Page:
Insulin does a lot of important things for us. It pulls glucose from the blood and fritters it away into our cells to be burned for energy or stored as glycogen. It prevents hyperglycemic toxicity to neurons, pancreatic cells, the arterial walls and the generation of excessive levels of reactive oxygen species. It even promotes muscle protein synthesis and helps augment muscular hypertrophy, especially following resistance training. Clearly, we need insulin. Without it, we’d die, as type 1 diabetics readily do without an exogenous source.
But this process goes off the rails when our cells become resistant to the effect of insulin over time. We secrete too much. Our levels remain elevated. It becomes harder to burn body fat. In fact, we end up in even more efficient fat storage mode.
I’ve shared about nutritional means to enhance insulin sensitivity in the past. What about other non-dietary strategies?
Since insulin resistance is often the body’s response to energy excess (too much energy in), losing weight (increasing energy out) improves insulin sensitivity. Losing abdominal fat is particularly effective for increasing insulin sensitivity.
Lifting heavy things, particularly with great intensity, improves insulin sensitivity by an interesting mechanism: non-insulin dependent glucose uptake happens immediately after the workout, which allows your muscles to replenish glycogen without insulin. According to some researchers, “the effect of exercise is similar to the action of insulin on glucose uptake.” I’d say not having to secrete any insulin makes you effectively insulin-sensitive.
An overloaded, energy-replete cell is an insulin resistant cell. An empty, “starving” cell is an insulin sensitive cell. Any exercise that burns glycogen and leaves your muscles empty and gaping for more will necessarily increase insulin sensitivity.
Glycogen depletion occurs locally: high rep leg presses will deplete leg muscle glycogen, but they won’t touch glycogen in your arms, chest, and back. To fully deplete all the glycogen, you need to do full-body movements.
CrossFit WODs and other similar metcon workouts that have you doing pullups, squats, sprints, pushups, box jumps, and other compound movements—at high volume, in the same workout, and with minimal rest—will drain your glycogen stores and reduce the amount of insulin you need to replenish them.
Maybe it’s the quieting of the sympathetic nervous system, the “flight or flight” stress pathway. Maybe brief glimpses of bodhi reduce the amount of insulin required to dispose of glucose. Whatever’s going on, meditation (and likely other relaxation response inducing activities) improves insulin sensitivity.
So, researchers might have used intranasal oxytocin for their purposes. But oxytocin is what we secrete in response to positive social interactions like sex, good conversation, dinner parties, breastfeeding, cuddling, and petting animals.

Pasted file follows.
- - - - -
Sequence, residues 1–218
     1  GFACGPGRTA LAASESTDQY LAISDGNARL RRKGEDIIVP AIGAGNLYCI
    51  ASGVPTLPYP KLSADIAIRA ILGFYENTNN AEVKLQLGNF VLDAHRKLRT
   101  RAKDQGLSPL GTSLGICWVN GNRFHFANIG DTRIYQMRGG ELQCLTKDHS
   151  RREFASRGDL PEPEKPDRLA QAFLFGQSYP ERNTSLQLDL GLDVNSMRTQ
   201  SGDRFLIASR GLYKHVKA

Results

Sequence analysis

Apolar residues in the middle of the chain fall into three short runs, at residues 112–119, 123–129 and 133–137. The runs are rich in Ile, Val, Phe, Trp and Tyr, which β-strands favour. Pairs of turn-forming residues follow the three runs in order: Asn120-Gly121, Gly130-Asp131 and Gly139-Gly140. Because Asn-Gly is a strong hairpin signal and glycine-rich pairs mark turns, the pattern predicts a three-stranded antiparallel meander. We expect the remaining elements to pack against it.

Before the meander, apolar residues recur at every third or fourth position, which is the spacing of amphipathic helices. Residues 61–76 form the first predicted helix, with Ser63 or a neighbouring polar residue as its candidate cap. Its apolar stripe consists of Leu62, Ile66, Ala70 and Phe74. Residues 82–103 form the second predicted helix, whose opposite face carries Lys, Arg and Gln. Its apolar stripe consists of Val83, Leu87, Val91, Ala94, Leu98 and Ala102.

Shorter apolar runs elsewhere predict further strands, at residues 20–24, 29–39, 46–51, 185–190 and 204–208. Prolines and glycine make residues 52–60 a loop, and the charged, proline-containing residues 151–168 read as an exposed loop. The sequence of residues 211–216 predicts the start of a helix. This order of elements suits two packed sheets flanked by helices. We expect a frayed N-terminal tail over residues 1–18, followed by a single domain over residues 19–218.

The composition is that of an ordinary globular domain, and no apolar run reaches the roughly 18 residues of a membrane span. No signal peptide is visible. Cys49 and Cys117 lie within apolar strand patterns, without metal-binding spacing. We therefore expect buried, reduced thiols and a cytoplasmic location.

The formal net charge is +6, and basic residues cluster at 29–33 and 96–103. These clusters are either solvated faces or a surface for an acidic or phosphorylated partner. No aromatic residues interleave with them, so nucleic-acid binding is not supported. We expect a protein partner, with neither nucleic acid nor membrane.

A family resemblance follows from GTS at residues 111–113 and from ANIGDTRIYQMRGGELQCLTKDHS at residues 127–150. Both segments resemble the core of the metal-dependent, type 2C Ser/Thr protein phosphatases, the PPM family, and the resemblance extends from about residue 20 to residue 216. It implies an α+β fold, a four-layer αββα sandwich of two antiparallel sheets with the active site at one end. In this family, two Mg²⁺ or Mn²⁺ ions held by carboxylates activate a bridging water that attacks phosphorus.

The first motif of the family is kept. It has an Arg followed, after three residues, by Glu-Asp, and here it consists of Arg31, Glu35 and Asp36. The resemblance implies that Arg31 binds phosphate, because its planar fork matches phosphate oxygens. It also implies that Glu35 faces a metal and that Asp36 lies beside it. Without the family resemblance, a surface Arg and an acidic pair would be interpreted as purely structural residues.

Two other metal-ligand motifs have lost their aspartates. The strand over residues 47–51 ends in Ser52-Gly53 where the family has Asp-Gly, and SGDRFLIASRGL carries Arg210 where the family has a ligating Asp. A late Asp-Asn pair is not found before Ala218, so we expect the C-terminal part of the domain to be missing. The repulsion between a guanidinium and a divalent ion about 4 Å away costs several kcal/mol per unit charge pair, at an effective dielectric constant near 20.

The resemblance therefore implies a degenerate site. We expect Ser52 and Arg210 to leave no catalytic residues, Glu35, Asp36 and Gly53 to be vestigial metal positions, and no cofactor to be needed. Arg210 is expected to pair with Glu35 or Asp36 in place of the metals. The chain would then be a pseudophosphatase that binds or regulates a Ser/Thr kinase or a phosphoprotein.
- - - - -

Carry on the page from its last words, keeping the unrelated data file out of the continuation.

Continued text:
If you’re coming from a place of already-adequate sleep, getting better sleep isn’t necessarily going to help your insulin sensitivity (although it might confer other benefits). It’s the absence of adequate sleep that destroys insulin sensitivity. By sleeping well, you’re restoring what was lost.
One study found that altitude hiking at 4500 meters improved glucose tolerance and insulin sensitivity. This isn’t feasible for everyone (4500 meters is really quite high, and not everyone lives near a suitable mountain). And, in truth, some people just aren’t ready to climb a mountain and hike around (in the study, some participants with low DHEA-S levels didn’t get the benefits), but it’s one way to improve it. Find the closest challenge you can in your region of the country.
While training of any kind promotes better insulin sensitivity, training in the fasted state enhances this effect. One study found that relatively high-intensity “cardio” performed while fasted increased subjects’ insulin sensitivity beyond the group who did the same training after a carb meal, even in the context of a normally obesogenic high-fat, high-carb diet.
As the Primal Blueprint fitness concept of slow movement suggests, a simple walk can be quite powerful, particularly if you string them together to form a daily walking habit. A walk is good for glucose control after meals, but regular walking can have impressive effects on insulin sensitivity.
In other words, stay active for life. In a recent paper, both sprinters (aged 20-90 years) and endurance athletes (20-80 years) had far better insulin sensitivity than sedentary controls. Absorb this point: insulin sensitivity didn’t decrease with age in the two active groups. Even the 90-year-old sprinter retained good insulin sensitivity. The sedentary controls? Not so much. That says it all, I think.
Thanks for stopping by today, everyone. Let me know your thoughts, additions and questions below.